Jim Antle and National Review are both far too hard on J.D. Hayworth. The man is a real conservative. He may not be a strong enough conservative, because he didn’t resist the temptations of the Bush crowd when Bush was president. Part of that, though, is NOT being a moderate, but being a loyal soldier in a case where loyalty shouldn’t be called for. It was a mistake, but not an indication of underlying hostility to his otherwise natural conservatism. I was there on the Hill when Hayworth got there. He was a solid conservative then. He stayed a solid conservative throughout most of he 1990s. Solid, and enthusiastic, and team-spirited in a way that added to a positive atttitude. There’s a difference between a former jock being team-spirited, which is his training, and thus wrongly going along with the crowd, and, on the other hand, somebody like McCain who actively and often very MEANLY (in both senses of the word) led, quite deliberately and quite angrily, in the wrong direction — and enjoyed doing it in some cases out of spite.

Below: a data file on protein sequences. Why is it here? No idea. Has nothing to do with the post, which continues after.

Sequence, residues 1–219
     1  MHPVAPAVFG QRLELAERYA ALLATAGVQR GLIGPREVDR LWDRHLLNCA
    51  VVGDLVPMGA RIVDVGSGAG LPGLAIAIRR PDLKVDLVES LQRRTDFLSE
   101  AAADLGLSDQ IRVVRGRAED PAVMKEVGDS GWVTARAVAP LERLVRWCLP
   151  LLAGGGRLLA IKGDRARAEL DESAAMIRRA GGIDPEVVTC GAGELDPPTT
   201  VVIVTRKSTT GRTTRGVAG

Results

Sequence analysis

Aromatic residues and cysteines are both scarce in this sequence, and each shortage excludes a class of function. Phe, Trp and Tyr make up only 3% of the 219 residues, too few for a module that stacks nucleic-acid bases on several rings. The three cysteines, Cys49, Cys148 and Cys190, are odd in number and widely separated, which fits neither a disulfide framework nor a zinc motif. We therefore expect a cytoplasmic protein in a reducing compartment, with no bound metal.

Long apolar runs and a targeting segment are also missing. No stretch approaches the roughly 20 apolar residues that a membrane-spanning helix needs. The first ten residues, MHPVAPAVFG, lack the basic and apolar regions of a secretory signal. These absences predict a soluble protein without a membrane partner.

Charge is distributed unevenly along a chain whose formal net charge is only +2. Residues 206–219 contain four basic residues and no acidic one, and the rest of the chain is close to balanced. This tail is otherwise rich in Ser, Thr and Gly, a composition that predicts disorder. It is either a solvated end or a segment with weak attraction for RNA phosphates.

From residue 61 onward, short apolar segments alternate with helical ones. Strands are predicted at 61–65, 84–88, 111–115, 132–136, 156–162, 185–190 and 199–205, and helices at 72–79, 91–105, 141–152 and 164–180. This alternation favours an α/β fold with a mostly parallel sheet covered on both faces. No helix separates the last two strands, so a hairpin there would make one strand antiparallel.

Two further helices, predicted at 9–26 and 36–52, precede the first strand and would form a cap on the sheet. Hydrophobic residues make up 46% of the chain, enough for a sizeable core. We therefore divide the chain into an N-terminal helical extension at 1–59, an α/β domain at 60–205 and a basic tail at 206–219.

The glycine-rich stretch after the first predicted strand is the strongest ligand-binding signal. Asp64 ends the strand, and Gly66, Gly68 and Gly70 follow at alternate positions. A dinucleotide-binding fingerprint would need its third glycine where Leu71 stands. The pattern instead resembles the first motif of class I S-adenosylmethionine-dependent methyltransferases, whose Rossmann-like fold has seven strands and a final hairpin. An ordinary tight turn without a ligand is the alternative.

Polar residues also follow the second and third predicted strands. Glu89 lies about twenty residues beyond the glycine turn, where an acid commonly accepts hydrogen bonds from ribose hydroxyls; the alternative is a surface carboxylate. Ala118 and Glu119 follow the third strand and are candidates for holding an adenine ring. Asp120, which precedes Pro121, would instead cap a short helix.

Many of McCain’s gut instincts aren’t even conservative. Almost all of Hayworth’s are. And Hayworth’s overall record will back that up.
A man of faith in a godless age is hitting Americans where it hurts.
Mr. and Mrs. American Spectator Reader, let P.J. O’Rourke talk sense to your kids.
In Britain, defending your property can get you life.
It won’t take long for conservatives to scratch this presidential wannabe off their 2008 scorecard.
Was the President done in by the economy, or by the politics of the economy?